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Christmas Morning French Toast

For me, nothing is more soothing after Christmas gift-opening madness than cooking something decadent... and just a little involved. With smells filling the kitchen and little hands sneaking in for tastes of the bread (it's SO delicious on its own), this dish captures the very essence of Christmas morning: intentionally special, decidedly decadent, and just a little magical.

1 Panettone, any flavor (though mine was filled with dried apricots)
[need Panettone for the recipe? Click here.]
4 extra large eggs
2 cups heavy cream
2/3 cup sliced almonds
1 cup dried apricots
6 or so dried figs (optional)
1 bunch fresh mint
Butter for melting in pan (one Tbsp. per batch)


1. In dry pan over medium heat, toast the almonds until brown (toss or stir frequently to prevent scorching). Set aside in ramekin for serving.

Toasted almonds (left) have more crunch, color, and flavor than un-toasted (right).
2. Chop apricots and dates into 1/4 inch chunks. Roughly chop mint, or chiffonade if you're feeling fancy. Set each item aside in its own ramekin for serving.
3. Whip 1 cup heavy cream until luxurious, but not too stiff. I use NO sugar in the whipped cream, as this dish is sweet enough. Set aside for serving.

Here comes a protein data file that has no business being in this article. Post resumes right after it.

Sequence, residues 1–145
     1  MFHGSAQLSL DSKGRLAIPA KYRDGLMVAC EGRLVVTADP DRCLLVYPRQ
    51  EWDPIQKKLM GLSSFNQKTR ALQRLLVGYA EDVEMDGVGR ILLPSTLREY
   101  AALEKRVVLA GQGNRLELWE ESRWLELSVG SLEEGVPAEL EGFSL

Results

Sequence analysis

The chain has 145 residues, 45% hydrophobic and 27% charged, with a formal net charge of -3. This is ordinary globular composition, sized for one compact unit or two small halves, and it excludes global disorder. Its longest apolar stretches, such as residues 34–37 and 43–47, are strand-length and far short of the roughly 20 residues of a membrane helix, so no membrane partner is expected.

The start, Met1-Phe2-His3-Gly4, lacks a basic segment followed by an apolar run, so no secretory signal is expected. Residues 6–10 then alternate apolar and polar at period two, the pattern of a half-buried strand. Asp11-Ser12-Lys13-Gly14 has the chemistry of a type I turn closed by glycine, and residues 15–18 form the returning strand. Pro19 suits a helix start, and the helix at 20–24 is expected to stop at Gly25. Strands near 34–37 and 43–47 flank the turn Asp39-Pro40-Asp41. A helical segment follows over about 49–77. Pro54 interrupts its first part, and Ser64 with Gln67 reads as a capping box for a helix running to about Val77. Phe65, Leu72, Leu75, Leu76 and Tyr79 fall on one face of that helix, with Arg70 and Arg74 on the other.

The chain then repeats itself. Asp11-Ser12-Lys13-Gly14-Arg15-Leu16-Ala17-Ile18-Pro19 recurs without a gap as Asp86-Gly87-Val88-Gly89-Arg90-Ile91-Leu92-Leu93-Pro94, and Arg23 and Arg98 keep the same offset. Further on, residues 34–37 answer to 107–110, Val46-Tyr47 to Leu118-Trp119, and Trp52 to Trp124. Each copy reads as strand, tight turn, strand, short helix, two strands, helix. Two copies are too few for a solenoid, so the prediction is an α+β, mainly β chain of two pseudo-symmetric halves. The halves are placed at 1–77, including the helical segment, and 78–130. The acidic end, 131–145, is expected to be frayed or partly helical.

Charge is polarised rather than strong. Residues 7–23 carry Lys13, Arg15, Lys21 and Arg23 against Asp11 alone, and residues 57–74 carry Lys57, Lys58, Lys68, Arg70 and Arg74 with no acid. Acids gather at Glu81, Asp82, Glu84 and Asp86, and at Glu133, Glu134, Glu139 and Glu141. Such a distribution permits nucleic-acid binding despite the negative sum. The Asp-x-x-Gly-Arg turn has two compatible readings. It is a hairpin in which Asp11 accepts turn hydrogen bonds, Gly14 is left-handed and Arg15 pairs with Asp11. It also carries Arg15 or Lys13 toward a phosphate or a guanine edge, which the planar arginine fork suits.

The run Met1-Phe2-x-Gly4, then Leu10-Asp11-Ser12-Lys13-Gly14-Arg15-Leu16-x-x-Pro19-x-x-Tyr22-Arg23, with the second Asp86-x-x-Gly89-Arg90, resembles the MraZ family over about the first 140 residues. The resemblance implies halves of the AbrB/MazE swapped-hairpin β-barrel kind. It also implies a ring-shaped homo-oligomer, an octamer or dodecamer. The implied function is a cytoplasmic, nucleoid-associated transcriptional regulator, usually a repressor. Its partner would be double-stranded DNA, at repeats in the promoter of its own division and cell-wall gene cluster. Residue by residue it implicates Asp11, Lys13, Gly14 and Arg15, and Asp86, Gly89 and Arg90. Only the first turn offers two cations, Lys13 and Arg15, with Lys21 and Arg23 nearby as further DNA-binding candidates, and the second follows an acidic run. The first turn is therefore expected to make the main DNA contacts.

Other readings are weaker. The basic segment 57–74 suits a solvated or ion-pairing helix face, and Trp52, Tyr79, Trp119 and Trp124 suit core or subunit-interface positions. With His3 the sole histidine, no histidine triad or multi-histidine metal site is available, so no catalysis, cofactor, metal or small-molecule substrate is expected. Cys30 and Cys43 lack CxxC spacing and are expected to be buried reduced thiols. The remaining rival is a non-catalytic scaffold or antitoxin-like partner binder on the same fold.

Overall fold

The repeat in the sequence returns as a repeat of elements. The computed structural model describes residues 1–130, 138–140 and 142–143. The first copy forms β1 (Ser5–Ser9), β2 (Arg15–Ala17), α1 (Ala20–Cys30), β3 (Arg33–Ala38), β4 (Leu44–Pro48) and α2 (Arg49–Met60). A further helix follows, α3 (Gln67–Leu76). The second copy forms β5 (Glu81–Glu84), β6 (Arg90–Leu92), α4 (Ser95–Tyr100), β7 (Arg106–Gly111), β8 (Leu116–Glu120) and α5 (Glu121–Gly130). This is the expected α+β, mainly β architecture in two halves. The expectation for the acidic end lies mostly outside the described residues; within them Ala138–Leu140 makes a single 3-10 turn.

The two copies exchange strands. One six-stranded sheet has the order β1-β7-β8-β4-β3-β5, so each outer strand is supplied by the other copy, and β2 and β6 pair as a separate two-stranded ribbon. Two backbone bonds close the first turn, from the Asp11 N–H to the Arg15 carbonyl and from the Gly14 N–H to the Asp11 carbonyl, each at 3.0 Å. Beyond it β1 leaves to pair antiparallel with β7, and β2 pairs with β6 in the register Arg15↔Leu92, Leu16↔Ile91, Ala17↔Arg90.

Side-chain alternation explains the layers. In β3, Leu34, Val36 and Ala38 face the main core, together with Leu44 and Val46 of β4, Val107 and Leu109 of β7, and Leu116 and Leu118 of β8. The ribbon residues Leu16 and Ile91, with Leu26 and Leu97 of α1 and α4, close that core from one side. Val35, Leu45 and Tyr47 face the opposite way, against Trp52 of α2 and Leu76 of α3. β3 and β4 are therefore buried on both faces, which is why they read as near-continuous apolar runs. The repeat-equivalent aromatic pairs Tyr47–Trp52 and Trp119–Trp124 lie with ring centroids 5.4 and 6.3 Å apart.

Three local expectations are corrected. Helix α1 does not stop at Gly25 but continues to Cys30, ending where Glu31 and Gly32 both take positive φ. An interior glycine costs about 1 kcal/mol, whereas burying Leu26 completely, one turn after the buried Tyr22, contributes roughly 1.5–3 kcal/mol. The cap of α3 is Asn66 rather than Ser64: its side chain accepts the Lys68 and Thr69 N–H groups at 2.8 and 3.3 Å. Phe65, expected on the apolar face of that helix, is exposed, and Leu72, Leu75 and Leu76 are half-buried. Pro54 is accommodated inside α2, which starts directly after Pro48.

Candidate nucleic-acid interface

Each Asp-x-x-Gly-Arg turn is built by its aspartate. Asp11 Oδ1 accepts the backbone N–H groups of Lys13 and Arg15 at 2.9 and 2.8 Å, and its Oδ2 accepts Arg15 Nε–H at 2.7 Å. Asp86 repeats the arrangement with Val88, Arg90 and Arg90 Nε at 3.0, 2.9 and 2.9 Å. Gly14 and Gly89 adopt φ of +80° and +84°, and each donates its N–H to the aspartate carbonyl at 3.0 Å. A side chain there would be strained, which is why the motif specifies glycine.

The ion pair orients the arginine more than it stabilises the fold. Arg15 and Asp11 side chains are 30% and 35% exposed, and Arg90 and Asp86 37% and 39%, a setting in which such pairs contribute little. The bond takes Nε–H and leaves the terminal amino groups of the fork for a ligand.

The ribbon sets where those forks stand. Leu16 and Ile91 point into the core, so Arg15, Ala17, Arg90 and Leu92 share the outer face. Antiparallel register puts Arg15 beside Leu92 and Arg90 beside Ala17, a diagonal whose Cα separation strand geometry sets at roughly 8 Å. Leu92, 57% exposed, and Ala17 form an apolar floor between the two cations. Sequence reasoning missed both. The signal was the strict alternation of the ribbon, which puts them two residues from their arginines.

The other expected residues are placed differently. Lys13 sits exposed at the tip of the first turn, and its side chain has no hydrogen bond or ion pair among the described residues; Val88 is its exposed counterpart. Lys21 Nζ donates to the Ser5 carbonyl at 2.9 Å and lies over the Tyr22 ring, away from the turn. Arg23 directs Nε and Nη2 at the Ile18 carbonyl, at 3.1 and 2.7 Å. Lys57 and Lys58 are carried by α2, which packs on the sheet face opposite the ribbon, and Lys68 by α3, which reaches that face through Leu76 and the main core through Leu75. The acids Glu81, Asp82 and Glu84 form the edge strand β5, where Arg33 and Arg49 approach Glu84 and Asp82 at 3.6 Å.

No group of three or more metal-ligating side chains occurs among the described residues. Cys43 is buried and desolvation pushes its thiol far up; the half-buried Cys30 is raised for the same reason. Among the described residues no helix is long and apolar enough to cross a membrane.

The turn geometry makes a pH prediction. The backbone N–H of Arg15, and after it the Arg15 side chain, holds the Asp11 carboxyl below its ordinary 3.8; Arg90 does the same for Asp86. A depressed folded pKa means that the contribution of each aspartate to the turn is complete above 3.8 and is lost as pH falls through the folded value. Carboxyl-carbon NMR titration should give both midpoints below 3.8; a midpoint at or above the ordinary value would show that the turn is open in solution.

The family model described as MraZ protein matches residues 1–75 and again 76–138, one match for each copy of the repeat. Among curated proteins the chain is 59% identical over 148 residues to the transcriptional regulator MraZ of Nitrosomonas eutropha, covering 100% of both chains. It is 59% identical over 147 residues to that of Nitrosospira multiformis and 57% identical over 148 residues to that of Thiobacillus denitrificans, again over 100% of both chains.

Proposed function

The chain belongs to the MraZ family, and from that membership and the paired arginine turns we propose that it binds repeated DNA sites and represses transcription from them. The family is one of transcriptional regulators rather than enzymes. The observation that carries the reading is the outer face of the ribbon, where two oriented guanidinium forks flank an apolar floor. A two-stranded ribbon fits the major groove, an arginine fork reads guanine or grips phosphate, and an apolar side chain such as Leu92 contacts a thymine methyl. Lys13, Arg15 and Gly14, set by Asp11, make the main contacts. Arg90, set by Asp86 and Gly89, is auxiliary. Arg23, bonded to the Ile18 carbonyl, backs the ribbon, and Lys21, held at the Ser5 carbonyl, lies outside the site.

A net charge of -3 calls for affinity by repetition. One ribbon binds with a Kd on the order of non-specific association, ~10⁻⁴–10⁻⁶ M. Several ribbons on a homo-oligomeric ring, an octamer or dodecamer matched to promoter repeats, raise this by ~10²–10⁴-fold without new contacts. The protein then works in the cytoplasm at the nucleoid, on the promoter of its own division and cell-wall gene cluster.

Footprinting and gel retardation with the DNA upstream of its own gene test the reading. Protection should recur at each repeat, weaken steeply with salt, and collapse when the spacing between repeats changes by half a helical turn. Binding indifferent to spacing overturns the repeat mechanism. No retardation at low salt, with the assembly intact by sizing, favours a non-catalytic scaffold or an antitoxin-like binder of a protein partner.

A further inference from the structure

4. Slice Panettone loaf in half vertically, then slice each half into 3/4" thick slices. Yes, that thick!
5. In a wide, shallow bowl, mix eggs and 1 cup of heavy cream until well blended.
6. Melt 1 Tbsp. butter in non-stick pan over medium heat. Dunk a slice of Panettone quickly in egg mixture, making sure both sides are coated, but it doesn't get soggy. Immediately place in hot pan. Repeat with enough slices to fill the pan (my pan fits three slices).
7. When golden brown on one side, flip to second side and cook until golden brown.
8. Place golden slices on a plate and allow each person to garnish with their choice of prepped toppings. Repeat cooking with other slices, melting a new tablespoon of butter before each batch.
This dish requires no syrup, as the bread and dried fruits are plenty sweet. Of course, it's up to you, but I recommend tasting before syruping.

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